Q: Does Chef Delivery work with static system reservations for different projects?
A: Not sure what the question is exactly. You can interact with other systems if they have APIs and thus could arrange for "checking out" infrastructure to run tests or deployments. For example you can deploy to a container management solution like kubernetes in this fashion.
Q: What happens if the chef server is unavailable?
A: Builds won't run because the build nodes won't be found since we query the chef server for build nodes.
Q: What are the programming languages Chef supports?
A: Chef supports all the programming languages.
Q: Is Chef Delivery designed to replace existing build tools like Jenkins?
A: Jenkins is awesome at executing jobs but doesn't know about workflow. Delivery is also great at running jobs but the real challenge is not running jobs, it's managing the workflow. Users can integrate delivery with Jenkins if needed but not necessarely.
Q: How does Chef Delivery handle multi-node orchestrated deployments?
A: Users can define what happens in the deployment phase using code. Users can create logic in the build recipe, call external services, etc.
Q: You're recommending git as the version control. We are currently using subversion. Is there any reason why we couldn't use subversion with Chef Delivery?
A: Delivery requires Git at the moment. We are looking at integrating with other SCM options in future versions of the product.
Q: Can you explain a bit more the idea of one cookbook per repo?
A: Each individual cookbook should be stored in their respective repositories instead of having a repository for all cookbooks with a "cookbooks" directory that contains all cookbooks. This makes it easier to keep track of changes and share.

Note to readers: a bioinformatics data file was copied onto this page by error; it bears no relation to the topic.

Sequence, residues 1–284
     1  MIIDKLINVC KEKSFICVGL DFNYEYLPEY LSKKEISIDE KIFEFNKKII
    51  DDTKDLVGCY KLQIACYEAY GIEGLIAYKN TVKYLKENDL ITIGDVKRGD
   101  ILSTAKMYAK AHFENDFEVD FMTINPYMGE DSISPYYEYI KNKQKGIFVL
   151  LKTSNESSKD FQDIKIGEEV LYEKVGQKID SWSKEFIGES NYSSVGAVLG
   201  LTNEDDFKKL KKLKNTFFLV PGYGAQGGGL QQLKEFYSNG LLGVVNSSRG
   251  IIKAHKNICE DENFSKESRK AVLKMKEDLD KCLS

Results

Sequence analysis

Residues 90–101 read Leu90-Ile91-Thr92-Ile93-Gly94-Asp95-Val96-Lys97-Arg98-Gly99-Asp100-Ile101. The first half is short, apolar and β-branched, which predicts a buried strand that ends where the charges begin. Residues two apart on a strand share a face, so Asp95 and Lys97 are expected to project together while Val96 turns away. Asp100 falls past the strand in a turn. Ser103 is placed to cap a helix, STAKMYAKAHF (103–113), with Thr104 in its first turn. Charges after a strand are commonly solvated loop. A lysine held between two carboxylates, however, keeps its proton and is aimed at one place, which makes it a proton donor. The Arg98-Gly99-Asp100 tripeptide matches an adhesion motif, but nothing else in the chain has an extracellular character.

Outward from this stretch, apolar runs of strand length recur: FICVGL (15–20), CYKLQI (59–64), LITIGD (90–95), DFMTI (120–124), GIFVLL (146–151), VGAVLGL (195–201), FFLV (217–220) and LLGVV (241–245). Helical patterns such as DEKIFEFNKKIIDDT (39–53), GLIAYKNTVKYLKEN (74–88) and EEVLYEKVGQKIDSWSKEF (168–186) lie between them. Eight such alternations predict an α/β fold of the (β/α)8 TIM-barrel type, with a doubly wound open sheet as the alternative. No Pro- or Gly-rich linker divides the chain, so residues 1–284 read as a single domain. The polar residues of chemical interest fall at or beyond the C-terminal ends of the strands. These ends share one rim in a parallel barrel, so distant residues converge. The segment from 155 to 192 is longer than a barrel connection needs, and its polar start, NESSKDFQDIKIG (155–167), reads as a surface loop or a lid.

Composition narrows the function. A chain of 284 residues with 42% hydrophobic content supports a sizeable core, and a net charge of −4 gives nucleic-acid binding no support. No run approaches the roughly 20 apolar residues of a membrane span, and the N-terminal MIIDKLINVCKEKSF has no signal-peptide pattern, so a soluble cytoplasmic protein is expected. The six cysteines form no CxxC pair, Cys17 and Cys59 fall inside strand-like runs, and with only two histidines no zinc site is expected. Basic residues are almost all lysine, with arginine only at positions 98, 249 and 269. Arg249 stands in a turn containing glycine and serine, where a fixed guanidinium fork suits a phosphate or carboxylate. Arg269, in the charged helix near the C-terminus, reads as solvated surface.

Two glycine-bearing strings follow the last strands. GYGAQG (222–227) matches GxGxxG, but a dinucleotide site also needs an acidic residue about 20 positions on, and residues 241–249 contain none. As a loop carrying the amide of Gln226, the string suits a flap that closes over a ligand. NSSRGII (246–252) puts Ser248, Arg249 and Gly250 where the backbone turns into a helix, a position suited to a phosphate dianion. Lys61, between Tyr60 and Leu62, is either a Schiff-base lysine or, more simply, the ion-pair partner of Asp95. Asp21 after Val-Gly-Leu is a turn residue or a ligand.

Q: On-prem includes open-source server?
A: Delivery is not open source and requires use of Chef Server v12 (with a Chef subscription).
Q: How do you do local or automated tests on code that relies on being in a real environment, with real infrastructure such as, say, EBS volumes in a certain configuration? I find that automated testing sounds great in theory, but in practice does not work.
A: If you need to test on EBS you need to run your code on EBS. But usually it is not required to test code on EBS unless your code interacts with the EBS functionality. In most cases testing your app in a VM or container on local host should be fine – in respect to disk… Unless you are specifically testing disk performance and reliability.
Q: The 6 stages of continous delivery pipelines happens in hours, days, weeks?
A: The duration of moving a change through the pipeline depends on how long it takes to execute the code in the recipes. In most use cases it takes minutes – unless you are building environments from sources – in this case, there would be upfront time of however long it takes to build the environment and then however long it takes to run the code.